v Peru Judith Zapata Prange Lima + 51 (1) 964 382 889 v Philippines Freddie Tan San Juan, Metro Manila +63 (2) 725 7137 v Poland Agnieszka £ubkowska Warsaw +48 (46) 855 77 02 v Portugal Sofia Vassalo Santos Lisboa +35 (191) 911-2565 v Republic of Singapore Phaik Sue Chin Singapore +65 6773 4070 Constance Chua Singapore +65 6873 3873 v Russia Mira Ashush Moscow +972 (3) 635 0973 Nina Gekhman Moscow +7 (495) 788-8386 Luba Niazov Moscow +972 54 476 6203 (Israel) Nadezhda Popova Moscow +7 (495) 683-3182 Kalina Potyak Moscow + 972 (52) 257 2783 Oxana Stein Moscow +972 (52) 223-5015 Maria Stulova Moscow +7 (916) 604 2140 Lora Zakon-Oran Moscow +7 495-7888386 v Scotland Paul Francis Wright Forres, Scotland +44 (077) 9684 0762 v Serbia Jelena Radosavljevic Kraljevo +381 (063) 76 28 792
The full report is available on line here: Earey, Alison. “Parental experiences of support for pupils A researcher in England recently reported on with dyslexia: ignoring the effect on parents.” the experiences of parents of school-age children who had been identified as dyslexic within the past Support for Learning, Vol. 28, Issue 1, pages 35–40, February 2013. two years. Researcher Alison Earey questioned parents about their experience from the initial This article was originally published at the point of concern about their children’s difficulties with words, through assessment and their concerns Dyslexia The Gift Blog News and Views from Davis Dyslexia, at http://tinyurl.com/ for the future. She found that, despite school policies supporting inclusion and equality, dyslexic ptkudwbAbigail Marshall is the Webmaster & Internet Information Services Director for children still experience exclusion and prejudice Davis Dyslexia Association International. She is also the author of two books about dyslexia, The Everything Parents Guide to Children with Despite school Dyslexia and When Your Child Has... Dyslexia.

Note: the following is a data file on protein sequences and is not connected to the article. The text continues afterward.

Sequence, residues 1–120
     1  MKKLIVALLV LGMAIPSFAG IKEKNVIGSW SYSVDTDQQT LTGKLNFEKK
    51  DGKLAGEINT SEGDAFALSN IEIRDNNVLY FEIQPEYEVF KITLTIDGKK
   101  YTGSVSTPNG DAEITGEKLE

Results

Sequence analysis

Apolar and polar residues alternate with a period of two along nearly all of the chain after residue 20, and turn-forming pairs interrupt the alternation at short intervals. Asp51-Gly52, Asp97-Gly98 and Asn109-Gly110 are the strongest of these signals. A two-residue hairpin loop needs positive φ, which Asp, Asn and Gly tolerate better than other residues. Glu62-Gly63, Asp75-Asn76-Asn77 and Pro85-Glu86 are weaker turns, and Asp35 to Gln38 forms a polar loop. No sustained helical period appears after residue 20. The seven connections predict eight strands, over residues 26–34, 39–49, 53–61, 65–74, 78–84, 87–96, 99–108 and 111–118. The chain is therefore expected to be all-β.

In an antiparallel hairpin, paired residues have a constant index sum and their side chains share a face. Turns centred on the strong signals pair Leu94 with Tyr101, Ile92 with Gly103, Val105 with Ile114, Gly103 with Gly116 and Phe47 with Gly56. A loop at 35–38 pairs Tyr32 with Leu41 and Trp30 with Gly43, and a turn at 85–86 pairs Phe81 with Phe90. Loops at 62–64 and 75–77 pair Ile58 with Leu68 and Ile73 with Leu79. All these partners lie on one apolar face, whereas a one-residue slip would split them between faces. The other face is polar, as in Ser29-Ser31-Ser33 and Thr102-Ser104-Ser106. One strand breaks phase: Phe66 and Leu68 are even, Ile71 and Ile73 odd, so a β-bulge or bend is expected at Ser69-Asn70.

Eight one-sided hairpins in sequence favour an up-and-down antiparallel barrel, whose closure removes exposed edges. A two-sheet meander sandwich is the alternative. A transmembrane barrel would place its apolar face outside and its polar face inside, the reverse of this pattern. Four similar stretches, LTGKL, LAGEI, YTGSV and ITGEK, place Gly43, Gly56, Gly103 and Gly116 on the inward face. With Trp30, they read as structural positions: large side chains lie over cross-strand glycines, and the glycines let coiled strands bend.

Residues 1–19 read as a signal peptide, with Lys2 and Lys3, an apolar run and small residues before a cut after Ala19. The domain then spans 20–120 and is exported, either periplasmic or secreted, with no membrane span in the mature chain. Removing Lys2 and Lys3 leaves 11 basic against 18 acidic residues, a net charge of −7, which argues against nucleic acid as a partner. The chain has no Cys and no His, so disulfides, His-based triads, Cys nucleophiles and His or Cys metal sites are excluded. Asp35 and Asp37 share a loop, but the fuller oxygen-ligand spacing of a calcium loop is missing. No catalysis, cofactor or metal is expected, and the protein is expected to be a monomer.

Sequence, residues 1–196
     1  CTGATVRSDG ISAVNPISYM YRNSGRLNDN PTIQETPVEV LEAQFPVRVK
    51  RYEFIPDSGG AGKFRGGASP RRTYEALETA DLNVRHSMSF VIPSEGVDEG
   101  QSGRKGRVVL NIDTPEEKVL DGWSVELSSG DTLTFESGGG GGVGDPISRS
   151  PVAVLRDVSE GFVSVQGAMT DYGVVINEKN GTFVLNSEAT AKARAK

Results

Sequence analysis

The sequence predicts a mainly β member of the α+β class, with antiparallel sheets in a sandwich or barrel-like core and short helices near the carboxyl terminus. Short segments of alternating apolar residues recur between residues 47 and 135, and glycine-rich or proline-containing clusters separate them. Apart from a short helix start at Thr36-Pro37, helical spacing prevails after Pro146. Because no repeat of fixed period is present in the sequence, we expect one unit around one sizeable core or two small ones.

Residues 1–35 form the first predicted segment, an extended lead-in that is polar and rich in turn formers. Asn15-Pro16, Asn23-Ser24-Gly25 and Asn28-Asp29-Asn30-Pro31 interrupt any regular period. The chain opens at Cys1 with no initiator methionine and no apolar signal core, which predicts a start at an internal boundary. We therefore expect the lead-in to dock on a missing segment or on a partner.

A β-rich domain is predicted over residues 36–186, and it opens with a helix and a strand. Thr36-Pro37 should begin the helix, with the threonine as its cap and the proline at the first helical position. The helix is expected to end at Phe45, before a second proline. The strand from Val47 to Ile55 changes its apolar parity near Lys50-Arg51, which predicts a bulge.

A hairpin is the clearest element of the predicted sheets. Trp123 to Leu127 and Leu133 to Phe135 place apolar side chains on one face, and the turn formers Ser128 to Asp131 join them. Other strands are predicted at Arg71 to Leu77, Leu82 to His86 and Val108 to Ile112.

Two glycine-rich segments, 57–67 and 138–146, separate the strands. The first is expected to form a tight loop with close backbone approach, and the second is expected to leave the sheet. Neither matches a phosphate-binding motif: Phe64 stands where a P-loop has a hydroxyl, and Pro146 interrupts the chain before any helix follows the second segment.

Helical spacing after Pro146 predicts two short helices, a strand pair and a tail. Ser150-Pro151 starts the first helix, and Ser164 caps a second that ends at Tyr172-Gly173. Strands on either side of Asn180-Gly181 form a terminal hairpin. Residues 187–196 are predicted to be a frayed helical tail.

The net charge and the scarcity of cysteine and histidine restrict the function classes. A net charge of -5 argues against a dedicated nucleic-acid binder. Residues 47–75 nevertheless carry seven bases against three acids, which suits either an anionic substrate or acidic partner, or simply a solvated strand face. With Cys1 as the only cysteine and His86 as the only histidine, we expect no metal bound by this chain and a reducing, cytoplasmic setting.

policies supporting inclusion and equality, dyslexic children still experience exclusion and prejudice in education.
in education. Their experience does not match the ideal and, as a result, their parents are also suffering. Some concerns highlighted in the report are: • Assessment and identification was not necessarily helpful. Two parents complained of lack of support from the school, even after their child was determined to have dyslexia. Another family delayed assessment because the school did not positively recognize dyslexia and they assumed that their seeking diagnosis would antagonize the school with no benefit to their child. • Two parents highlighted the importance of directly informing their child’s teachers of the diagnosis. They believed that the teachers had not read the dyslexia assessment report on their child, and thus had not understood the resulting requirements.
Kindergarten should be happy and playful. It should be art and dancing and singing and learning how to take turns. Instead, it's frustrating and disheartening.
Common Core Hits Kindergarten
In her January article for the New York Post, Playtime’s Over, Kindergartners, Susan Edelman describes what the Common Core Standards are doing to five-year-olds. The New York Department of Education wants 4- and 5-year-olds to read informative texts and later write books about what they’ve learned – don’t forget to use topic sentences, kiddies! – and understand the commutative property in math. “For the most part, it’s way over their heads,” a Brooklyn teacher said. “It’s too much for them. They're babies!” In a kindergarten class in Red Hook, Brooklyn, three children broke down and sobbed on separate days last week, another teacher told The Post.